What's more, surveys from Quinnipiac University have also shown that marijuana isn't a polarizing issue, as of yet. More specifically, just one out of eight voters would switch their vote if their preferred candidate didn't have a cannabis view that aligned with their own. This suggests that politicians can maintain an unpopular view on pot without fear of losing their elected seat in Congress.

A lab researcher in a white coat using a dropper to add cannabinoid-rich liquid to a test tube.

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5. It's a safety concern

Lastly, there are pretty obvious concerns about the long-term safety of marijuana use among lawmakers in Washington.

On one hand, cannabis overdoses led to exactly zero deaths in 2018. By comparison, opioid-related overdoses are killing more than 47,000 people a year. This isn't to say marijuana is a substitute for prescription opioids in every indication, but the data would appear to suggest the marijuana is a considerably safer substance than certain drugs already on pharmacy shelves.

On the other hand, health concerns have cropped up. As of last week, the Centers for Disease Control and Prevention had identified 805 confirmed and probable cases of vape-related lung illnesses that led to 12 patient deaths. In many of these cases, the users have confirmed that they used a tetrahydrocannabinol (THC)-containing substance in their vape device. THC being the cannabinoid that gets users high. There are clear reservations on Capitol Hill about marijuana's safety.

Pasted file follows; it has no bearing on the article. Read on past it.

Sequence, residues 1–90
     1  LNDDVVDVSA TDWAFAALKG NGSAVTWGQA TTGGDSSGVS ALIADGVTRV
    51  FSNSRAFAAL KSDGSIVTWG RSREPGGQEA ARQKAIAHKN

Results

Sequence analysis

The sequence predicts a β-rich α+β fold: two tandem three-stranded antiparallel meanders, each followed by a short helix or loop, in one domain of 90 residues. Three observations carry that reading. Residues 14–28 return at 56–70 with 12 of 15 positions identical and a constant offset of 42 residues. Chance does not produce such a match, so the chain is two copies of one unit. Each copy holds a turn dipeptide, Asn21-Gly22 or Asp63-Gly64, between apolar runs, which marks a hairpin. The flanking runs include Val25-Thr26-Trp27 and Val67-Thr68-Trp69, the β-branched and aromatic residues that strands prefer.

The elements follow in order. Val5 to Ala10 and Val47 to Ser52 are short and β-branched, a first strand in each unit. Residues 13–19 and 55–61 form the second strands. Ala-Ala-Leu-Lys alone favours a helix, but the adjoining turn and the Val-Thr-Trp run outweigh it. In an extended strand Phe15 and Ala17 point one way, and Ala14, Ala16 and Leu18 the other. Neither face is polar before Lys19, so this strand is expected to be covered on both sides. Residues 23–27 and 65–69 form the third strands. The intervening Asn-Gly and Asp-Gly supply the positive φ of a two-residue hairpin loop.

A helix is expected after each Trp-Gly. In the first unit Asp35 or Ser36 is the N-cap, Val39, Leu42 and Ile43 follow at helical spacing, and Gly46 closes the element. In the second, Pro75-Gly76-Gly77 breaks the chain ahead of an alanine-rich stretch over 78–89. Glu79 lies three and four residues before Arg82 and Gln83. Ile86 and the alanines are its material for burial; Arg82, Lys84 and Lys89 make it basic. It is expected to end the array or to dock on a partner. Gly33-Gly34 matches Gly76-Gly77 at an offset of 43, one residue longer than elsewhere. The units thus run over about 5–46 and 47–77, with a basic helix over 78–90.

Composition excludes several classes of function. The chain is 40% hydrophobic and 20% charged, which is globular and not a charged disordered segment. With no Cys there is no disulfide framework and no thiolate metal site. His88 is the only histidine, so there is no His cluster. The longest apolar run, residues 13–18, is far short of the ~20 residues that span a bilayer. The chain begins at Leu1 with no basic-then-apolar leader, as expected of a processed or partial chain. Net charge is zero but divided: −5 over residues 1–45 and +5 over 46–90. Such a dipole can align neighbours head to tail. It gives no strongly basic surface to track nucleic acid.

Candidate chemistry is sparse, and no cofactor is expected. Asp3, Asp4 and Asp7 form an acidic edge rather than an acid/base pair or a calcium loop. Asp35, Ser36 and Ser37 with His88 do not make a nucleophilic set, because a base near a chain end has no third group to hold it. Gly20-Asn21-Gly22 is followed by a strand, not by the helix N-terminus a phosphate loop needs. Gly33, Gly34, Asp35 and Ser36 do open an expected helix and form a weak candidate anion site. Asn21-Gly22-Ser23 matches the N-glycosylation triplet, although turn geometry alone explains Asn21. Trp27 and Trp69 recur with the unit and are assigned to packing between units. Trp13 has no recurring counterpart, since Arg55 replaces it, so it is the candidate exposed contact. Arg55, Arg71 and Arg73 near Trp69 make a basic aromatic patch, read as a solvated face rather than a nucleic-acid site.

A cannabis leaf laid within the outline of the Canaian flag's maple leaf, with rolled joints an a cannabis bud to the left of the flag.

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Canadian pot stocks are stuck in limbo

From an investment standpoint, the federal government's resistance to reform hasn't been a backbreaking deterrent for U.S.-focused pot stocks. Although it's meant that multistate operators have had to set up redundant operations in each state, given that marijuana can't be transported between states, it hasn't impacted the ability for some MSOs to be profitable.

The U.S. federal government keeping marijuana classified as a Schedule I drug is far more damning to Canadian pot stocks, such as Canopy Growth (NYSE:CGC) and HEXO (NYSE:HEXO). With both Canopy and HEXO being listed on the New York Stock Exchange, neither company can partake in the U.S. weed industry as long as it remains federally illicit, otherwise they could lose their listing status. For the time being, the best either company can do is enter the hemp market and sell cannabidiol (CBD) products, CBD being the cannabinoid best known for its perceived medical benefits that doesn't get users high.

Canopy Growth is spending about $150 million on a hemp-processing facility after being awarded a hemp processing license in New York State in January. Meanwhile, HEXO plans to enter eight states via its HEXO USA subsidiary with CBD products in 2020. While the hemp market does offer a means for Canadian pot stocks to place valuable infrastructure on U.S. soil, it could be a long time before Canadian marijuana stocks have any shot at generating significant sales from marijuana's crown jewel.